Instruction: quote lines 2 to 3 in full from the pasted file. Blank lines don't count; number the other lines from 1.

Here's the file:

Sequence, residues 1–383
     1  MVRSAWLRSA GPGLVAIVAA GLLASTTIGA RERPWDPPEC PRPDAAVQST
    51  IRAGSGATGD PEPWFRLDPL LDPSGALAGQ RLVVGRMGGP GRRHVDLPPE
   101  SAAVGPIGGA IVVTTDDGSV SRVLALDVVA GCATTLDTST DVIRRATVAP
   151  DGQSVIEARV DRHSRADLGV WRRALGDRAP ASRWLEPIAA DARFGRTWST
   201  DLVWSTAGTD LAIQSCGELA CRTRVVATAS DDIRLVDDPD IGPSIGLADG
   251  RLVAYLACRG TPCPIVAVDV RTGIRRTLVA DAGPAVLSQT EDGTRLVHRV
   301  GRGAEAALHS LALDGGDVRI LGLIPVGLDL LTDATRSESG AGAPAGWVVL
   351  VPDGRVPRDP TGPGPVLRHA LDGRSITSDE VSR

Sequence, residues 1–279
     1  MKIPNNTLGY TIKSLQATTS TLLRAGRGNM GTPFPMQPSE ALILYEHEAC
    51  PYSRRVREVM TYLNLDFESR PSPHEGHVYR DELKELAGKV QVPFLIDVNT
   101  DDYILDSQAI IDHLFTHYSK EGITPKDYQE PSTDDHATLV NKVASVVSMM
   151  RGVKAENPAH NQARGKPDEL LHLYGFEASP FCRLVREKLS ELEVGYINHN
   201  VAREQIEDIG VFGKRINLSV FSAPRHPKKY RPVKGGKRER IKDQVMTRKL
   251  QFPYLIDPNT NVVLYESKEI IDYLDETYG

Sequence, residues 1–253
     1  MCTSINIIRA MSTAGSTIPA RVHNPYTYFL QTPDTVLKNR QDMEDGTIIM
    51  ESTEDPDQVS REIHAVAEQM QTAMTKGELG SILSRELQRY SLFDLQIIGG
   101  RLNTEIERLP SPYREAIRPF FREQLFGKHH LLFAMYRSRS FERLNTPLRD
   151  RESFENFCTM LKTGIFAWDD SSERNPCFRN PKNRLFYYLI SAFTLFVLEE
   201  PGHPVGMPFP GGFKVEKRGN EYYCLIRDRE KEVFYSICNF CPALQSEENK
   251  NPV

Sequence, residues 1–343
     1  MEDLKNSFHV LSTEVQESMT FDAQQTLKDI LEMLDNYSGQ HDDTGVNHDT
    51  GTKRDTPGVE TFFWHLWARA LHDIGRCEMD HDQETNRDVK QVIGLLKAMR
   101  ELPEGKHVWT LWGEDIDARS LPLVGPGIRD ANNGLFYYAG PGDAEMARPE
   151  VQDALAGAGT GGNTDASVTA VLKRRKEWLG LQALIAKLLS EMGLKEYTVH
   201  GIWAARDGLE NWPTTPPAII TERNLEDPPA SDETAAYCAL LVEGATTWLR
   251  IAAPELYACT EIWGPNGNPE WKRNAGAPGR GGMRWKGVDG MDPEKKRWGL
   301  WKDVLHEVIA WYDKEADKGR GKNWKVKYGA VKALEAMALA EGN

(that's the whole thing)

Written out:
     1  MVRSAWLRSA GPGLVAIVAA GLLASTTIGA RERPWDPPEC PRPDAAVQST
    51  IRAGSGATGD PEPWFRLDPL LDPSGALAGQ RLVVGRMGGP GRRHVDLPPE